Originally published in Untold Stories, The Pulitzer Center on Crisis Reporting
The steppe is perhaps the most important geographic concept in Ukraine, the defining historical, economic, and symbolic marker. For much of the past two thousand years, it was Europe’s most contested frontier, a region of bloody turmoil and constantly shifting borders. Once known in Russian as dikoe pole, “the wild field,” the steppe was populated by a mixture of nomadic and semi-nomadic groups, and it took the Russian Empire until the end of the eighteenth century to bring most of them under imperial control. But that did not necessarily translate into peace. Ukraine, “the borderland,” has been the site of some of the worst atrocities—pogroms, famines, and wars—in the 20th century. And today, sadly, it has become a battlefield yet again. Like the American prairie, the steppe is a place where myth and reality blend together, the meeting point of absolute beauty and absolute violence.
The most famous natural feature of the steppe is, of course, the endless expanse of billowing grass. “Nature has nothing fairer that these steppes, with their surface like a green-gold ocean, strewn with a million flowers,” wrote Nikolai Gogol in Taras Bulba, his novel about the brave frontiersmen of the steppe, the Cossacks. The fertile black soil, chernozem, sustained the rich grass, feeding the pastoral communities, while later it supported one of the most productive grain industries in the world.
But the gradual colonization and settlement of the steppe, the population explosion (from 380,000 in the early eighteenth century to 25 million in the early twentieth) and the advent of ever more sophisticated agricultural machinery meant that much of the original wilderness quickly began to disappear.
In the late 19th century, Friedrich Falz-Fein, a progressive landowner and heir of German colonizers, decided to fence off part of his estate of Askania-Nova in southern Ukraine, close to the shores of the Black Sea, to protect the original flora from the plow and the sheep. But his ambition went further: He wanted to introduce wild animal species, local but also foreign, that thrive in steppe-like environments. In a sense, Falz-Fein was an early, if idiosyncratic, proponent of what conservation biologists may today call “rewinding.”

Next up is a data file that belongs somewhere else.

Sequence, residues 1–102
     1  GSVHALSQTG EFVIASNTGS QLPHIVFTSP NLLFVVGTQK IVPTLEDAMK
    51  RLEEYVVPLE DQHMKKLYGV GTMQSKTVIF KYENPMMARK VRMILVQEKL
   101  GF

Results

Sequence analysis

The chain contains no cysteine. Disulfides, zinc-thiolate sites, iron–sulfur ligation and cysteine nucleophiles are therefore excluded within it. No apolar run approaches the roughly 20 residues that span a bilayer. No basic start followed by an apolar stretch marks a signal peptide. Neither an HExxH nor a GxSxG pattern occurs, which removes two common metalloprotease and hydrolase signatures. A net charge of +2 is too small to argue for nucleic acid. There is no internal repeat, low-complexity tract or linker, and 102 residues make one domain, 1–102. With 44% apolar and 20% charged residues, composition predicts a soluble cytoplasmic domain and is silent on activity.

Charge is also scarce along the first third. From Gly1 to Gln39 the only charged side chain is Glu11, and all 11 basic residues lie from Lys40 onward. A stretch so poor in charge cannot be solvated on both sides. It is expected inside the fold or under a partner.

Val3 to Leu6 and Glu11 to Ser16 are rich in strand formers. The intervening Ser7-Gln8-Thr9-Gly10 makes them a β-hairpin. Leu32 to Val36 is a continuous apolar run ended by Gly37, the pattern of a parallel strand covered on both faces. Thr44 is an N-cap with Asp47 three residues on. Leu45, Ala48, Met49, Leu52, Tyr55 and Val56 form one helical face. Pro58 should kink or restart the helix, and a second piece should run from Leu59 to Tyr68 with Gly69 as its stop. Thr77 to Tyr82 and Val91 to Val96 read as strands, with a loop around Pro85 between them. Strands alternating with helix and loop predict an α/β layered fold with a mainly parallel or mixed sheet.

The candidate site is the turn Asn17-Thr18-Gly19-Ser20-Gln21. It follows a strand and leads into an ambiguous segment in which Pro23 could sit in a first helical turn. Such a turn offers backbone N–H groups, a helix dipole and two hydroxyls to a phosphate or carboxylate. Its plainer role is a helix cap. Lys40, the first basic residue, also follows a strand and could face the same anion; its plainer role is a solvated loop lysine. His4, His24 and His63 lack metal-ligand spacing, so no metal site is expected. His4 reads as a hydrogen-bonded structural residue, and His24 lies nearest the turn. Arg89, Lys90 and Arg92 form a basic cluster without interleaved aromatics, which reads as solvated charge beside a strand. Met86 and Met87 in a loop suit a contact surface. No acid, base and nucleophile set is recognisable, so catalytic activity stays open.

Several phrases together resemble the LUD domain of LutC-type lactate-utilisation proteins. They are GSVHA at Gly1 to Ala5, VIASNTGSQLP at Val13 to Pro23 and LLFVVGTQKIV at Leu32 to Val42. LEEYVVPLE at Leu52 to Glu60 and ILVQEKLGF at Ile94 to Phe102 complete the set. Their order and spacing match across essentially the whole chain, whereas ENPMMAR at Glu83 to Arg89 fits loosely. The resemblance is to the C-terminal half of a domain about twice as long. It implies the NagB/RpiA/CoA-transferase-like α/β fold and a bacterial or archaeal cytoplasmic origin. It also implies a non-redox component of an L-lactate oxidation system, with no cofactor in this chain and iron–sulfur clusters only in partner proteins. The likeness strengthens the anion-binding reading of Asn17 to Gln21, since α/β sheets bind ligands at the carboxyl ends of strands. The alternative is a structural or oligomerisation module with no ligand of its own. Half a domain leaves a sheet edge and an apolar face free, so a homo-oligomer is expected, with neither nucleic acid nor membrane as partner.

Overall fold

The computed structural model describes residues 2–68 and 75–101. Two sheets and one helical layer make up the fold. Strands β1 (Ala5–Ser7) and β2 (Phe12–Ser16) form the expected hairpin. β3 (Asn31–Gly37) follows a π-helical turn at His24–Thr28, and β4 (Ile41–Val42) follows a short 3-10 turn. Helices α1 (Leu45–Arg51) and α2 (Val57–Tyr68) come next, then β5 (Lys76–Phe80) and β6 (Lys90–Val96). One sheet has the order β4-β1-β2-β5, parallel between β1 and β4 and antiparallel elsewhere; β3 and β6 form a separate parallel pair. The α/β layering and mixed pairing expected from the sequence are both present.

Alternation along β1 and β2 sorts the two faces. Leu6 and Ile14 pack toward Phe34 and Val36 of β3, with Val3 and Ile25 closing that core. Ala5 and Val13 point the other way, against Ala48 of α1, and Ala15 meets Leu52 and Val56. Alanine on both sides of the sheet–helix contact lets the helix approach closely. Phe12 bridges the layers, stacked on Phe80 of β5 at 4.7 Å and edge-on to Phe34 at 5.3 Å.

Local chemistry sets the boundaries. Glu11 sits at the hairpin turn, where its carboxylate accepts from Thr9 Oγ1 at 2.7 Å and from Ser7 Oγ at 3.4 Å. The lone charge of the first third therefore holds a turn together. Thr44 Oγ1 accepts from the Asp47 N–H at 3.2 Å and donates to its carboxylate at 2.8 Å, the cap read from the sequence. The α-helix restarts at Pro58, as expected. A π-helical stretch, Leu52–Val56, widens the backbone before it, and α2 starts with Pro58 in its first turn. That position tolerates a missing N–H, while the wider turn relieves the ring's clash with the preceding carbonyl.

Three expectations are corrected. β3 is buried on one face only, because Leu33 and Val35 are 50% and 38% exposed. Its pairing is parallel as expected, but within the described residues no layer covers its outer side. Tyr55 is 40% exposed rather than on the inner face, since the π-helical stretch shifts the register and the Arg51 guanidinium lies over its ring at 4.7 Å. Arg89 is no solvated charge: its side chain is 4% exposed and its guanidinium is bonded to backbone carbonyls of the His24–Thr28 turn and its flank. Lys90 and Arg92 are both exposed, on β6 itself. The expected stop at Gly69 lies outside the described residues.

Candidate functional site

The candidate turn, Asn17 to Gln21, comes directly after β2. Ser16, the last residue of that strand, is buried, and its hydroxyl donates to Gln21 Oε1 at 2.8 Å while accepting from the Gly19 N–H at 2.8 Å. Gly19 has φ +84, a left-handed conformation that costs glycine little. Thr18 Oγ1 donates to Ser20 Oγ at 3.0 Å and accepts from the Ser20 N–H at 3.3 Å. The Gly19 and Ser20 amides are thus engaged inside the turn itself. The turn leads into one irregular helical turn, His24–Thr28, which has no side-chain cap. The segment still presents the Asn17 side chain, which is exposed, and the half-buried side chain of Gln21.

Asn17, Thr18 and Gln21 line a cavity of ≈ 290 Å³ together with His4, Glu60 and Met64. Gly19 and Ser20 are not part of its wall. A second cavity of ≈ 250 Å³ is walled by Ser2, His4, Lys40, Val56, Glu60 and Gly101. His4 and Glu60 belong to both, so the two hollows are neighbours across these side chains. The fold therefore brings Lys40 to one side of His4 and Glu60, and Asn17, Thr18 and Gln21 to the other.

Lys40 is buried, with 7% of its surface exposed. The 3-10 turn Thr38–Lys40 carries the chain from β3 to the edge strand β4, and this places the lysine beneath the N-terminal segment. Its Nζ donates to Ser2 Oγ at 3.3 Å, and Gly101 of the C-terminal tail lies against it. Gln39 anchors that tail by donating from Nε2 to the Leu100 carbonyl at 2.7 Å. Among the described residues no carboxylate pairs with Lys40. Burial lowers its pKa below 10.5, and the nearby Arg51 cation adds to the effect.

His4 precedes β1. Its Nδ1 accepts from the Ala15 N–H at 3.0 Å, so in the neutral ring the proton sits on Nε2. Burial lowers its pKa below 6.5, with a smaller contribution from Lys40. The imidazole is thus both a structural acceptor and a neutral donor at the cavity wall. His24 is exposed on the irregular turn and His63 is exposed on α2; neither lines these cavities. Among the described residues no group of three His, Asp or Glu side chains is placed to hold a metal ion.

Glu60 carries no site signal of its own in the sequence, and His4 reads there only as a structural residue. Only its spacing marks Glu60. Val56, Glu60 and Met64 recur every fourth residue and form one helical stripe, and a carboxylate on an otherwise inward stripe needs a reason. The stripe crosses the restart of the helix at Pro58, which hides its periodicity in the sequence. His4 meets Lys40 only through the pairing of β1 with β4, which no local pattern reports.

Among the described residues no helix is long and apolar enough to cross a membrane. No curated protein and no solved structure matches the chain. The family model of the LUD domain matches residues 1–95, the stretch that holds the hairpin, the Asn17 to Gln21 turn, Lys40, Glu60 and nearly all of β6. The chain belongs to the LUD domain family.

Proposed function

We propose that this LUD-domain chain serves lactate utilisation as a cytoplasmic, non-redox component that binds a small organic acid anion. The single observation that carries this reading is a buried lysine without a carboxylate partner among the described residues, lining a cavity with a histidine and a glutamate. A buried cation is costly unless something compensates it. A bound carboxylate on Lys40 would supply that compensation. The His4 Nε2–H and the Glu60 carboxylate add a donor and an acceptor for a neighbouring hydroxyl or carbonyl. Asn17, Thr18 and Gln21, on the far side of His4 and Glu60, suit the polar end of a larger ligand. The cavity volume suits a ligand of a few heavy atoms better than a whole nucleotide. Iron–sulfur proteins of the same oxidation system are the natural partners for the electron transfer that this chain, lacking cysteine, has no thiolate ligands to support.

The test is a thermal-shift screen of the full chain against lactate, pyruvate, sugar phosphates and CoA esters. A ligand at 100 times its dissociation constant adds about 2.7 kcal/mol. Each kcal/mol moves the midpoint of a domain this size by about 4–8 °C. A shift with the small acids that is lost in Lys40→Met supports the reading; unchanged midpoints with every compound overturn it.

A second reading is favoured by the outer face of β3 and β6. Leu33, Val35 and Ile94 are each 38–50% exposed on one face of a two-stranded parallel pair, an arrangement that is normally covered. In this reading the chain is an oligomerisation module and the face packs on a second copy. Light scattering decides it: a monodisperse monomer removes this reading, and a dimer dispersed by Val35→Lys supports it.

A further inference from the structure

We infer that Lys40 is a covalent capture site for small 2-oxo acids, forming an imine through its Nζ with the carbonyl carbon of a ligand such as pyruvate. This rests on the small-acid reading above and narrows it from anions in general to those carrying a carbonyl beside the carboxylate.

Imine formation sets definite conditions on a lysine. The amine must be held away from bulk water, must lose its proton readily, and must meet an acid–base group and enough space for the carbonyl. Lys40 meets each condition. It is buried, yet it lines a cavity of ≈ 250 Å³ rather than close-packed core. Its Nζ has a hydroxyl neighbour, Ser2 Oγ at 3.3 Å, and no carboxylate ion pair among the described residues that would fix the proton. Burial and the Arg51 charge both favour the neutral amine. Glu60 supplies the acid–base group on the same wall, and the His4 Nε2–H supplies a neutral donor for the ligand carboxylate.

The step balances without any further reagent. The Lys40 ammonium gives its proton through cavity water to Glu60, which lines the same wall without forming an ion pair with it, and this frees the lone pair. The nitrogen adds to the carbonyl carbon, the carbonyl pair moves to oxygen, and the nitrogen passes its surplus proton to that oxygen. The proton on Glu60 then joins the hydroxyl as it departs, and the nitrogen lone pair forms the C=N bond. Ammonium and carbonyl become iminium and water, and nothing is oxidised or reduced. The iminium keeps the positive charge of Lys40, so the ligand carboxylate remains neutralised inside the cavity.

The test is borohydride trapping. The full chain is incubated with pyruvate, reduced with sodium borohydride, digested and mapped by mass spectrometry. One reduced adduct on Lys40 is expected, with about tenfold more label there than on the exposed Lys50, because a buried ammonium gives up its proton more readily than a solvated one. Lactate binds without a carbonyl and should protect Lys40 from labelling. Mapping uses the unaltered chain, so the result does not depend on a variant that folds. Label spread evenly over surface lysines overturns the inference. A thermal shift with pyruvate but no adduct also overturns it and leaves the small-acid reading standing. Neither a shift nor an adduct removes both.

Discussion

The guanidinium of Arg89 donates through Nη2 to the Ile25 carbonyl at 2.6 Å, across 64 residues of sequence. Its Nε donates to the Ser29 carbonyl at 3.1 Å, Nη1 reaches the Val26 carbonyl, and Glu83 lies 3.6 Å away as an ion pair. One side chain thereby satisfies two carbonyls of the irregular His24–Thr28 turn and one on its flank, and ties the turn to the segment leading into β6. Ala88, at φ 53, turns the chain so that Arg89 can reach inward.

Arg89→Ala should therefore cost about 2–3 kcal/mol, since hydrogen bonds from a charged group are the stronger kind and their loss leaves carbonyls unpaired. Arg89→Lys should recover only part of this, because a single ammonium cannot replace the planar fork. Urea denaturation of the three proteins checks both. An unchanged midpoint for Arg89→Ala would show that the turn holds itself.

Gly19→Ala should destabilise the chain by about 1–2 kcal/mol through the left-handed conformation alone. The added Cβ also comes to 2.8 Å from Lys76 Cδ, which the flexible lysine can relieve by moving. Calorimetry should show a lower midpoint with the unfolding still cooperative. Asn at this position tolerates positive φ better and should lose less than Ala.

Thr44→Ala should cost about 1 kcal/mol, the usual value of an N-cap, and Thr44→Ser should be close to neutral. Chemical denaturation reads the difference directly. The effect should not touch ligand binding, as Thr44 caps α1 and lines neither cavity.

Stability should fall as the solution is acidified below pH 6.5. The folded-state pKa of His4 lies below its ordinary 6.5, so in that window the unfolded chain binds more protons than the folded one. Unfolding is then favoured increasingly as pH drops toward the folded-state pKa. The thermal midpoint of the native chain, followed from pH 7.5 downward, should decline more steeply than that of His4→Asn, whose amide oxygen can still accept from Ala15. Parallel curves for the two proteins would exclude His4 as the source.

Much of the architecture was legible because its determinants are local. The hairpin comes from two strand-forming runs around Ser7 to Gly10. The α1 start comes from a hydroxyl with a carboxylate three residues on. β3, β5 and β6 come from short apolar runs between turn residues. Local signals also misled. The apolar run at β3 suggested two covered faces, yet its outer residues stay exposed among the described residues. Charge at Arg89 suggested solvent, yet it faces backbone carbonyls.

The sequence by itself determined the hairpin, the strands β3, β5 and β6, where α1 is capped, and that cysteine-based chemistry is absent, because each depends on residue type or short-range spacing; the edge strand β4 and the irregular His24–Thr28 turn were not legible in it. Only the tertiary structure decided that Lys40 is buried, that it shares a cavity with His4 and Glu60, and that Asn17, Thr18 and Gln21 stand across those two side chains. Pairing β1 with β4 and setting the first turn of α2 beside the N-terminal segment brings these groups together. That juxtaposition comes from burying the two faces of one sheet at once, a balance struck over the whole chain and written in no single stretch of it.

Soon enough, Askania-Nova housed herds of critically endangered Saiga antelopes (once abundant on the Eurasian steppe), buffaloes, zebras, camels, ostriches, wildebeests, and even kangaroos, many living in semi-wild conditions—a kind of Ukrainian Serengeti. In 1899, Falz-Fein sponsored an expedition to Mongolia, which procured Przewalski’s horses, the last truly wild horse—an effort that decades later would prove instrumental for saving that species from extinction. He also founded a zoo and an enormous dendrological park, irrigated through deep artesian springs in the middle of the arid landscape, which earned Askania-Nova the nickname “oasis on the steppes.” When Czar Nicholas II visited in 1914, he was so impressed he made Falz-Fein nobility.
During the Russian Civil War, the reserve was devastated and about three-fourths of the animals perished. When hostilities ended, Askania-Nova was nationalized and gradually rebuilt and expanded. But the Soviet focus on agricultural production created much tension between the utilitarian, practically minded agronomists, who simply wanted to raise livestock and grow grains (or conduct junk science with animal hybridization) and the more ecologically-minded staff, who wished to preserve the virgin steppe for scientific observation and for its own sake. As the environmental historian Douglas Weiner writes in his book Models of Nature, “[In] Askania-Nova… all of the salient problems and most crucial developments of Soviet conservation and ecology were interwoven.”
Only in the 1980s, as the Soviet regime was falling apart, did real work to restore Askania-Nova’s true conservation mission commence, as it became part of UNESCO’s network of biosphere reserves. In 2008, its popularity growing and boasting well over 100,000 visitors each year, Askania-Nova was voted one of the Seven Natural Wonders of Ukraine, and went on to represent the country in an international initiative called New7Wonders of Nature. Even though it did not win, the recognition was sufficient honor.
Today Askania-Nova is still functioning and one could visit the virgin steppe, look at the Saiga antelopes and the Przewalski’s horses, see the migrating cranes, walk around the dendrological park or the zoo. The current conflict in Ukraine, however, has scared most visitors away. Air defense radars and batteries surround the town, ready to respond to a Russian invasion. Military checkpoints have been set up on the main roads in the region, where gruff camouflaged men dig trenches and wield Kalashnikovs.
In times of war, focused on the immediate task of survival, people tend to forget about wild animals and the natural environment. Our histories barely mention the devastation wrought by human wars on non-human species. In eastern Ukraine, already hundreds of thousands of acres of steppes—and the animals living there—have been obliterated. Yet, the administration and staff at Askania-Nova persevere in their invisible task, hoping to save Ukraine’s natural heritage for the next generation.
I visited the Askania-Nova nature reserve in late September/early October of 2014, when the steppe’s iconic fescue and feather grasses, dotted by red tulips and purple irises, had long gone to seed under the harsh summer sun. But the immensity of the landscape, stretching out in all directions, was still dizzying. “You go on and on and there is no way to tell where it begins and where it ends,” wrote Anton Chekhov at the close of the 19th century in one of my favorite stories, “The Steppe.” I can attest to that: The steppe is endless.